Virtualbox is a virtualization product bought by Sun a couple of months ago. It is free to download, and very very easy to install and use. Other virtualization software include vmware and Xen. Now, why would you need a virtualization product? Imagine that you, like me, are a linux user that really needs/wants to use some Windows Specific Applications, such as Photoshop or Microsoft Office. Or that you are developing an application and you want to test in in several operating systems and/or versions of them. Maybe, you want to test Linux but you are too afraid of f*cking up something in your computer. You could argue that dual-boot is a better option for running some heavy-processing applications, or to play games, and I give you that. However, the pragmatism of having virtually another OS in your own desktop is too sweet to not give it a try. And also, with dual-boot you don’t have the safety of, like in a virtual machine, working in a sandbox that will not affect your host system in any way. /propaganda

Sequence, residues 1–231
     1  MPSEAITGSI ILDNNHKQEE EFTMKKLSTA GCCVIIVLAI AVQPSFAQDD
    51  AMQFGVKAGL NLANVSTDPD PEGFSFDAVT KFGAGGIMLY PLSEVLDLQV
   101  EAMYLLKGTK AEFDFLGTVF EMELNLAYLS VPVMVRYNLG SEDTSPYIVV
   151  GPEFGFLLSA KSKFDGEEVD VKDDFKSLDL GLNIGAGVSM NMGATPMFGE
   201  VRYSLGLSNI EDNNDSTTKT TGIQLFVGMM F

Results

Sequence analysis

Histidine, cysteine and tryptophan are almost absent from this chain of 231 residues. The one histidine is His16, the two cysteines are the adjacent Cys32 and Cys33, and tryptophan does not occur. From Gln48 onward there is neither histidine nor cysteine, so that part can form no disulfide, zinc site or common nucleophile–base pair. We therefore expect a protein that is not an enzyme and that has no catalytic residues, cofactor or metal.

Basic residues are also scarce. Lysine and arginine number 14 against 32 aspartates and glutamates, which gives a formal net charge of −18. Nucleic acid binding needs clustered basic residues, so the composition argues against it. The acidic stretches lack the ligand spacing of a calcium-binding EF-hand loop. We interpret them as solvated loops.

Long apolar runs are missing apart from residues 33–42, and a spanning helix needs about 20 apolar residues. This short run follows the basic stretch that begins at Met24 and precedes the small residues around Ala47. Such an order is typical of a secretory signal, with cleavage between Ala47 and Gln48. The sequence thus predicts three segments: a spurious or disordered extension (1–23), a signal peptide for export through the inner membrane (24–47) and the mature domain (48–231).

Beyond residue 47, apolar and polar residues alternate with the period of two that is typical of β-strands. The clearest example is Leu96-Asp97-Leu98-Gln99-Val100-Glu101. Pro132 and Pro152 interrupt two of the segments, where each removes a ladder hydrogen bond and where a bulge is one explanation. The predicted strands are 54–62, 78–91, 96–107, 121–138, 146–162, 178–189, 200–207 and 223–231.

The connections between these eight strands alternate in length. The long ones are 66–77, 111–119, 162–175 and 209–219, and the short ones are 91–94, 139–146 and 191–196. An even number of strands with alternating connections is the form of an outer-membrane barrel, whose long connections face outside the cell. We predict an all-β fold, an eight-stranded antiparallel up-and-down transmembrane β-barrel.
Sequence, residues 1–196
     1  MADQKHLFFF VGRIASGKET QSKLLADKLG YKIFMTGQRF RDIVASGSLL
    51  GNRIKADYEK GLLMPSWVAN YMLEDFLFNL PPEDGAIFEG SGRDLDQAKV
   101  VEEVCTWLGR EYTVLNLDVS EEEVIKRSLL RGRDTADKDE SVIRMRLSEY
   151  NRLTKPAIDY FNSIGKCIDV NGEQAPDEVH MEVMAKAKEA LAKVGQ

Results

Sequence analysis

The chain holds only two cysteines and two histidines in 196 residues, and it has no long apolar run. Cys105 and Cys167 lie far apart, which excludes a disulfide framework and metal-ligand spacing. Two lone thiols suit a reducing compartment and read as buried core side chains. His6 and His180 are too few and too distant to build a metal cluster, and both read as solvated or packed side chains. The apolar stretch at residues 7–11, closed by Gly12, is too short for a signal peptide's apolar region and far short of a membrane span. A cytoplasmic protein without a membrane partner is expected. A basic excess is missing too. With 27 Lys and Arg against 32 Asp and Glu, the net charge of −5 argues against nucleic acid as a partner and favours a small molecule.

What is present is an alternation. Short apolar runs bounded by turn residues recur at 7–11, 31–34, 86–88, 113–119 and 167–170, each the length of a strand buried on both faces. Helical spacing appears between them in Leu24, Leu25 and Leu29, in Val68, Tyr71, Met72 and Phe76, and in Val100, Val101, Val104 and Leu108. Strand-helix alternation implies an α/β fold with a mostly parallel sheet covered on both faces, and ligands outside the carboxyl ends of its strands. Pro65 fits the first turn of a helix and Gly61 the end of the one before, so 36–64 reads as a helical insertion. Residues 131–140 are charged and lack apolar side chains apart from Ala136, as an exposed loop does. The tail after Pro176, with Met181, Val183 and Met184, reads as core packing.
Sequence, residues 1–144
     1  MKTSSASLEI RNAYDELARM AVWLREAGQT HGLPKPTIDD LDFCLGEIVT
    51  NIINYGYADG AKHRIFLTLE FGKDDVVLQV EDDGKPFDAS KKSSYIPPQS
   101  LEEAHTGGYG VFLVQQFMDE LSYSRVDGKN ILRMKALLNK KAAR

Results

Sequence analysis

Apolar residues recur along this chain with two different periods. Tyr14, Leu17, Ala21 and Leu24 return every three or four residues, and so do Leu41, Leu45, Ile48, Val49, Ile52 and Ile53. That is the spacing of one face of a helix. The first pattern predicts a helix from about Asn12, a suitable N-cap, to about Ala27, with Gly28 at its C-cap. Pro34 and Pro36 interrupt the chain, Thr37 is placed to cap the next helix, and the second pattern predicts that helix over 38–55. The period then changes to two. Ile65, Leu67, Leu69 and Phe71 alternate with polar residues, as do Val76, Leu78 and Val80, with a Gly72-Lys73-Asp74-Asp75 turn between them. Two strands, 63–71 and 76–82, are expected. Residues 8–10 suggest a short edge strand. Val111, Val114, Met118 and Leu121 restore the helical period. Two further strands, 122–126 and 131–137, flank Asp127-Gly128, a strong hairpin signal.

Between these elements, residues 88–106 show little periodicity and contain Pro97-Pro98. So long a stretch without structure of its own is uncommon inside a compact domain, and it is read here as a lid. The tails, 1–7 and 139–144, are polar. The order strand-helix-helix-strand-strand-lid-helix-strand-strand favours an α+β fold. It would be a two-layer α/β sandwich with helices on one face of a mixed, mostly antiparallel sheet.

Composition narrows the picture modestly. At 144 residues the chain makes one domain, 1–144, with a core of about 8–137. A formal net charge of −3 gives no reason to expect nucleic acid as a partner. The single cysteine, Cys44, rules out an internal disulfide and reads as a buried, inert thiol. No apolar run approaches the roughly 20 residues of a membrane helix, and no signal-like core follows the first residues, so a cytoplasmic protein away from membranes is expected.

Virtualbox has several modes for running, from the basic “run in a window”, like any other program, to a very useful mode called “Seamless”. Seamless is, for the lack of a better definition, having the two operating systems, the host and the guest, in the same desktop as if they were only one. An image is probably better:
Seamless mode allows you to interact with both OS at the same time, without having to switch windows all the time. It’s perfect if you are working with stuff from BOTH OS – e.g. browsing in Linux and writing a thesis in Windows. Furthermore, you can copy paste stuff from Linux to Windows (text and stuff, not files unfortunately) as if they were one. And as for files, you can always create virtual directories to link host to guest and vice-versa.
I just thought I should show this, in my opinion, amazing pearl of software :) It’s being really useful for me at the moment.